The argument for legalizing drunk driving is based upon two important insights: 1) as I have attempted to demonstrate in my articles, (again, see here and here), drunk-driving laws do not actually do what they are almost universally believed to do; namely, make people safer drivers, and 2) drunk driving is not any different than any other negligent action behind the wheel (like driving while tired, angry, senile, or without one’s glasses), and thus ought to only be punished when that negligent behavior harms another person (again, see here and here). Furthermore, the argument against drunk-driving laws is based upon the observation that we already have laws to punish people when they harm other people through negligent or intentional action; i.e., negligent manslaughter and murder laws. The clincher is that drunk driving is not even remotely as great a danger as people almost universally believe that it is. For proof of this, watch Jeff Brown’s excellent YouTube video discussing the statistics of drunk driving.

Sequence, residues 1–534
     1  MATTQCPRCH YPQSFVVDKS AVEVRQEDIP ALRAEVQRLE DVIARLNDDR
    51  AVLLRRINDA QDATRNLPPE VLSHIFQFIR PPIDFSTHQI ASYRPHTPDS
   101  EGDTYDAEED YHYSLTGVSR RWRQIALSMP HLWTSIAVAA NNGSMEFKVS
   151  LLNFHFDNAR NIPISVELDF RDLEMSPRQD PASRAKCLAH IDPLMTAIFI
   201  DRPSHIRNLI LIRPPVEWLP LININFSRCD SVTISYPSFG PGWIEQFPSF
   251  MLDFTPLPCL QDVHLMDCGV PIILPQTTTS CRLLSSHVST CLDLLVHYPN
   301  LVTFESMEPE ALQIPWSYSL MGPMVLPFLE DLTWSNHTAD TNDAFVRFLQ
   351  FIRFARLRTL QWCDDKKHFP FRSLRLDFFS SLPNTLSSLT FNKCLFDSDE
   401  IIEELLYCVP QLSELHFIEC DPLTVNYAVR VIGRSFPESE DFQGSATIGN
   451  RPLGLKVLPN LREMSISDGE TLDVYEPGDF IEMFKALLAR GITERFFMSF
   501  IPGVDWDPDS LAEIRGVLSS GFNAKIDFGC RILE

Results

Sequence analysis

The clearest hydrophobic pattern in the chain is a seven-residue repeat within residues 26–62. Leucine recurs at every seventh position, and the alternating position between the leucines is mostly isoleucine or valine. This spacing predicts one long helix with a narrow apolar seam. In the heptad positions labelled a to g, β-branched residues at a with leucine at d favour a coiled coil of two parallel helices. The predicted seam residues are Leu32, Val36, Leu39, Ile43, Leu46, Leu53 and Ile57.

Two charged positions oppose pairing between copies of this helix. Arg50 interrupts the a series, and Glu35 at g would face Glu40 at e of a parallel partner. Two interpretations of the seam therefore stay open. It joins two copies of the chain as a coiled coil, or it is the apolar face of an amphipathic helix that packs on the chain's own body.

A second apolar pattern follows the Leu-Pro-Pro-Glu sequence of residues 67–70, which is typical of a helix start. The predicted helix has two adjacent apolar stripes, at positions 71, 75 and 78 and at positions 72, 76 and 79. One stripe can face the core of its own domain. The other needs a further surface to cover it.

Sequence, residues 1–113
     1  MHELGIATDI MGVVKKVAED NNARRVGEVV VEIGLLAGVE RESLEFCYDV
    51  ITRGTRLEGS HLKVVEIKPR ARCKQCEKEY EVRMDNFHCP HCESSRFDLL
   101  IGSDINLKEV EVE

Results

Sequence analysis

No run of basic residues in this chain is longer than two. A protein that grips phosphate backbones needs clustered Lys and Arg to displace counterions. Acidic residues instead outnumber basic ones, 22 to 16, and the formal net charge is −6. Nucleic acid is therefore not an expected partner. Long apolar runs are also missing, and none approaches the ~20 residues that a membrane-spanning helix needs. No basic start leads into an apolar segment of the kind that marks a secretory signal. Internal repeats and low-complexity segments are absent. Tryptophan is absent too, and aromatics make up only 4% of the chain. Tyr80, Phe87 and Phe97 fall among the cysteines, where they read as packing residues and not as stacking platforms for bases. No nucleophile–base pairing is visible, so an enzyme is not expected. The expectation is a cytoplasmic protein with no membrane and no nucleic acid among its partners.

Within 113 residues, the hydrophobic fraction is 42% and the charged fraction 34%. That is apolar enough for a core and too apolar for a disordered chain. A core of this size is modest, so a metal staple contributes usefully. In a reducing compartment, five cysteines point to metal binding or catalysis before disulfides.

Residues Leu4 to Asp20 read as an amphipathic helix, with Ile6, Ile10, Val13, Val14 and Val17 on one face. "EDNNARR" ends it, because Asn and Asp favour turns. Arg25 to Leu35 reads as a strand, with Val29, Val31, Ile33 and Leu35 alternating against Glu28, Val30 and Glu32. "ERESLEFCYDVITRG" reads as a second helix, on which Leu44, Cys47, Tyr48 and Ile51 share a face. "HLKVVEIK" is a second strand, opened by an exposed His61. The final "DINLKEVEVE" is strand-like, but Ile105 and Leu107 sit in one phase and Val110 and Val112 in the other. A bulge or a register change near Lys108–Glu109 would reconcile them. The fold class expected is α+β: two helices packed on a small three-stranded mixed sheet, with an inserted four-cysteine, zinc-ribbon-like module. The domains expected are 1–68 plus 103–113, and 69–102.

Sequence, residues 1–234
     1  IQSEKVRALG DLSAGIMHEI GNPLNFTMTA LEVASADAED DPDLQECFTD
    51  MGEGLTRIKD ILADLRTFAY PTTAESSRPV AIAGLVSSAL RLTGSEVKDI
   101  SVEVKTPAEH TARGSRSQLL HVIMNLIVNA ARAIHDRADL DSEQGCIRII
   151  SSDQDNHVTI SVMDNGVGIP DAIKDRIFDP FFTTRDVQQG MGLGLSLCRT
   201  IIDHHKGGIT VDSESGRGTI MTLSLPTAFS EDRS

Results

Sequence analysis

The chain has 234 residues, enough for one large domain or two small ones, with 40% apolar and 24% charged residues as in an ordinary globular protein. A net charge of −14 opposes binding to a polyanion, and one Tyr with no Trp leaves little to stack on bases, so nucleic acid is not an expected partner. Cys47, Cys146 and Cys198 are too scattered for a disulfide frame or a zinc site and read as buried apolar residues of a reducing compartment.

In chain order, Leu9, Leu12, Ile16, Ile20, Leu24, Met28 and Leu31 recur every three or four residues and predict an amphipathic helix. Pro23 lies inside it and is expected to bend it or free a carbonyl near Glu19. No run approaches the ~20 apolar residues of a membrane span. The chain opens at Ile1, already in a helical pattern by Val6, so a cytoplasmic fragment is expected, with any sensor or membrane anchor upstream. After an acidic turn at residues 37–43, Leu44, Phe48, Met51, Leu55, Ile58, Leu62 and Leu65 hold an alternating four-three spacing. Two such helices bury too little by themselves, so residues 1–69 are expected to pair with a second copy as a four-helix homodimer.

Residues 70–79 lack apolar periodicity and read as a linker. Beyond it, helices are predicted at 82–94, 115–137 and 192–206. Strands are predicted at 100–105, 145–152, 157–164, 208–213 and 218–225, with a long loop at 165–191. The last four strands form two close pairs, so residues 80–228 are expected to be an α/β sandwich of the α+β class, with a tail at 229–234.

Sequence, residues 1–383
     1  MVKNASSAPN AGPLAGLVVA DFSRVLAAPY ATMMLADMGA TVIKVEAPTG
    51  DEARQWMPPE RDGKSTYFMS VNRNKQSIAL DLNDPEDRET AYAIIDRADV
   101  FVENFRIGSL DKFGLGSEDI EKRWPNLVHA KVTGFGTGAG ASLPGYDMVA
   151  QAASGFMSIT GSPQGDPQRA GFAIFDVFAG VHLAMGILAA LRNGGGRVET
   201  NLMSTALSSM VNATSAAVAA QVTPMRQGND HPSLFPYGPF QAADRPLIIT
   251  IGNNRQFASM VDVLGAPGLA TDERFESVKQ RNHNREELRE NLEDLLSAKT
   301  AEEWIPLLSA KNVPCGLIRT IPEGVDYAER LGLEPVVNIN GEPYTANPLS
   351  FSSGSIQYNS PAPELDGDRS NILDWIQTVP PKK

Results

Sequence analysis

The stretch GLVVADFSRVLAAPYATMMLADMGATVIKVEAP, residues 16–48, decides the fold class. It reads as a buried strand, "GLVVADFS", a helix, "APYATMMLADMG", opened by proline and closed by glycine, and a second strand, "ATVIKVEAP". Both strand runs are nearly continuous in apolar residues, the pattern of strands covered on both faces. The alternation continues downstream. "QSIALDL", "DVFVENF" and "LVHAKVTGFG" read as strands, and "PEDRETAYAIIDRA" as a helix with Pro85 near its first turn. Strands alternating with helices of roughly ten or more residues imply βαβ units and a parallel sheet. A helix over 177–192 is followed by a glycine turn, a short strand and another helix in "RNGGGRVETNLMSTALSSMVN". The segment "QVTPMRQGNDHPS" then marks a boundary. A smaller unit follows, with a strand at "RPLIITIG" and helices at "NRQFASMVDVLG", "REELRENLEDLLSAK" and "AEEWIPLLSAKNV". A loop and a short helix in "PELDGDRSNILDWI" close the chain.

Let the non-fallacious discussion begin!

Mark R. Crovelli [send him mail] writes from Denver, Colorado.